Who Can File a Wrongful Death Claim in North Carolina?

No experience is like the trauma of losing a loved one. In addition to the heartache, some families face financial hardship because the deceased was a primary source of income. If the death was the result of another person’s negligence, then a family representative may be able to recover compensation from the at-fault party by filing a wrongful death claim.

If your family member died due to another person’s negligent or reckless actions, contact Tien Law Firm. A Raleigh personal-injury lawyer can gather evidence, structure your claim, handle settlement negotiations and fight for the maximum compensation.

Call 888-988-6613 to schedule a free consultation. Until then, read on to learn more about wrongful death claims in North Carolina:

What Is a Wrongful Death?

According to North Carolina General Statutes, a wrongful death happens when a person dies due to the fault of another. The liable party may be a person or an organization, such as a company. The death does not have to be intentional to constitute wrongful death. Several types of accidents can justify a wrongful death claim, including a motor vehicle accident.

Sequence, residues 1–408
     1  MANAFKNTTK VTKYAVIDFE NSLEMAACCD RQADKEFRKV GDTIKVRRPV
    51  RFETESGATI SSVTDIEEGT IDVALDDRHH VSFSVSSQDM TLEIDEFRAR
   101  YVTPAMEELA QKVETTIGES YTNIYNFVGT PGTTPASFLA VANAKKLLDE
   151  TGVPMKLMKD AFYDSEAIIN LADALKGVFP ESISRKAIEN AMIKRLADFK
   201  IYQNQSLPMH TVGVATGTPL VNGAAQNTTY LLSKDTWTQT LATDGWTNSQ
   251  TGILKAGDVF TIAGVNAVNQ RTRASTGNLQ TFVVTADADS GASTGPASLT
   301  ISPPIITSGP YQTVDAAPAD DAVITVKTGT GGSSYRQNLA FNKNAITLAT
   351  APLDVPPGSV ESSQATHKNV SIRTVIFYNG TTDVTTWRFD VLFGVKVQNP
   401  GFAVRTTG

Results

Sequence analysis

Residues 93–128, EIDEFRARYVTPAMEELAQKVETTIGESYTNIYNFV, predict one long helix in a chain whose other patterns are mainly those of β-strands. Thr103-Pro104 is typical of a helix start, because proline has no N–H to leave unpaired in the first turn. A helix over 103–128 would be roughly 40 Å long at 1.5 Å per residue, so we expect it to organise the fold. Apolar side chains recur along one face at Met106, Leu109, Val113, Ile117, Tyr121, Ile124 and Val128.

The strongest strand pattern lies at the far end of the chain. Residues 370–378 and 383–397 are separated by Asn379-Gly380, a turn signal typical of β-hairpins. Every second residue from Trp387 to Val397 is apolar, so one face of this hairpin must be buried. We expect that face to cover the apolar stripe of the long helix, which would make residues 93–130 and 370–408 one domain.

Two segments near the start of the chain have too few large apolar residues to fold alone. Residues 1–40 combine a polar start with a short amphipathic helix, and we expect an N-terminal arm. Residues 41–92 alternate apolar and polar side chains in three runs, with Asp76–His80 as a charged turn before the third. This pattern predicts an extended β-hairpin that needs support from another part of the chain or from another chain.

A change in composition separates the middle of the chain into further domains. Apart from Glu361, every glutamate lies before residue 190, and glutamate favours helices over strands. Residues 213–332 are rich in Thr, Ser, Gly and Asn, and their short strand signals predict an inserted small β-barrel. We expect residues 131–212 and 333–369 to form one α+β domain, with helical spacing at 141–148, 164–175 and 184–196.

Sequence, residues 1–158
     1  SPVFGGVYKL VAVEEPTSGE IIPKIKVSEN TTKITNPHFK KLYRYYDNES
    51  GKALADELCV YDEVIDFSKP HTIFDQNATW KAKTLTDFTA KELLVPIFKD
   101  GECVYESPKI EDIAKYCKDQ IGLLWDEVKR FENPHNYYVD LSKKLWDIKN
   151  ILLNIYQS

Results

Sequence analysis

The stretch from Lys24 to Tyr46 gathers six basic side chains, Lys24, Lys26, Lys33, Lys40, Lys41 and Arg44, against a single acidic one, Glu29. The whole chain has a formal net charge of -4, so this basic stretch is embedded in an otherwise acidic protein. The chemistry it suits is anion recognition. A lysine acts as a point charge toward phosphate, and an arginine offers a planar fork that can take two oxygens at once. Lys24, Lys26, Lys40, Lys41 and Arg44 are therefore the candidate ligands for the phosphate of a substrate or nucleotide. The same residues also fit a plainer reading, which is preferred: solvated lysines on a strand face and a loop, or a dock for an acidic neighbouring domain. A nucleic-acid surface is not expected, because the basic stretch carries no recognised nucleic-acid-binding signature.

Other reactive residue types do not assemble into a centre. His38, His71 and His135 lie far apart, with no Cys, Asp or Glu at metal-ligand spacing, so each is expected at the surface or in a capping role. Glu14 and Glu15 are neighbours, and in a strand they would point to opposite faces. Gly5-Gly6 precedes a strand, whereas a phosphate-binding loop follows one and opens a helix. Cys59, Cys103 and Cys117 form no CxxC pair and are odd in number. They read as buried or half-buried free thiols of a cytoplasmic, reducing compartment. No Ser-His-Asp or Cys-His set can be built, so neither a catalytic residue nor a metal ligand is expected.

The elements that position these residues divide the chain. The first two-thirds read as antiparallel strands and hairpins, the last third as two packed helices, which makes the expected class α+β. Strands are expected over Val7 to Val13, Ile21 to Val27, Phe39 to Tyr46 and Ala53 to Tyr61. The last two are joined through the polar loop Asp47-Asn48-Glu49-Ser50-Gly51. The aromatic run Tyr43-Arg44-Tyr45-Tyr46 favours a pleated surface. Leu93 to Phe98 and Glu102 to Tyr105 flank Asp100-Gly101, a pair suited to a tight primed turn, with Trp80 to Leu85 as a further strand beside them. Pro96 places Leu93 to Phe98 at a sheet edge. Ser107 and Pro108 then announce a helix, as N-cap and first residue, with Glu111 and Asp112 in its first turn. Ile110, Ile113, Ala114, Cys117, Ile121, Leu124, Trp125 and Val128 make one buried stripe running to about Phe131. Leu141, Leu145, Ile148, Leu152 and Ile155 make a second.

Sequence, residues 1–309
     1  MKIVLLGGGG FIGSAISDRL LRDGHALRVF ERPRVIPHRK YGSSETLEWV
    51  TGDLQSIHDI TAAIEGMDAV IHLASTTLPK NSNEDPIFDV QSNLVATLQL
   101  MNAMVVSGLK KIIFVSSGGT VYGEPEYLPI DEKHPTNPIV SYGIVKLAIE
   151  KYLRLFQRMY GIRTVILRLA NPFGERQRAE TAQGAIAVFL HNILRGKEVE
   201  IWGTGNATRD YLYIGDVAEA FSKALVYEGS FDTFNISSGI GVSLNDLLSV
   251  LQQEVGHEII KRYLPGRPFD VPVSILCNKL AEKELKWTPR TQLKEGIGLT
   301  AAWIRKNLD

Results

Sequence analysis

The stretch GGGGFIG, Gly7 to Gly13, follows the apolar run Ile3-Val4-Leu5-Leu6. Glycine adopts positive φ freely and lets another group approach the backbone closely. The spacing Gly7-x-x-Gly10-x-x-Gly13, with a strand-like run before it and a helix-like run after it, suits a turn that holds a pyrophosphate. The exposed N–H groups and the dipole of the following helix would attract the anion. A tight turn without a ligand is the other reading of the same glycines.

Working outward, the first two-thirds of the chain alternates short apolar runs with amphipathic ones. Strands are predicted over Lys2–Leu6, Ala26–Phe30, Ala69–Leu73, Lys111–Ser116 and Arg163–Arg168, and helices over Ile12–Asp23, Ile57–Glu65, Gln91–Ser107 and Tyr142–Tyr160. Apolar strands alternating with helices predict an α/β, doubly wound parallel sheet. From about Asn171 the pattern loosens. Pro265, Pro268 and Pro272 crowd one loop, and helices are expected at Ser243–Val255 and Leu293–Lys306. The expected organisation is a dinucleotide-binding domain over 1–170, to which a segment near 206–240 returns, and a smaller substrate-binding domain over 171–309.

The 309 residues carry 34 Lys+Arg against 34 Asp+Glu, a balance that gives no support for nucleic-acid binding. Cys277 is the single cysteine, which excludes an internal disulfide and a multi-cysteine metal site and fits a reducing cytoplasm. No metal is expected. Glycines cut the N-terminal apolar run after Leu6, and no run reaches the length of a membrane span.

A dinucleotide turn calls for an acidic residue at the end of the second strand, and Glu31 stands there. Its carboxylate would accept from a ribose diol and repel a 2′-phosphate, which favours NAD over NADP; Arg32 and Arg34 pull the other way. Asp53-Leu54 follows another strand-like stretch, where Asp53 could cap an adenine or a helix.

What Damages May Be Available in a Wrongful Death Claim?

The family representative can pursue damages for both economic and non-economic damages. These may include:

  • Pain and suffering;
  • Loss of care or guidance;
  • Loss of companionship or emotional support;
  • Funeral expenses;
  • Medical bills;
  • Lost income; and
  • Property damage.

Who Can File a Wrongful Death Claim in North Carolina?

According to North Carolina General Statues one person, who is usually a family member – can file the claim. The representative may be the executor or administrator of the deceased’s estate.

In some cases, a criminal case takes place in addition to the wrongful death claim. The outcome of the criminal case will not necessarily affect the outcome of the civil case.

What If the Deceased Was Partially at Fault?

North Carolina is a contributory negligence state, so the family representative may be barred from any recovery if the decedent is determined to be 1% or more at fault. North Carolina’s harsh contributory negligence law is one of the main reasons to seek skilled legal representation to help you and your family navigate the legal system.

If your loved one died due to another person’s negligence, contact Tien Law Firm. Wrongful death cases are notoriously complex, but our personal-injury attorneys at Tien Law Firm can help you navigate the legal process. Call 888-988-6613 to schedule a consultation.

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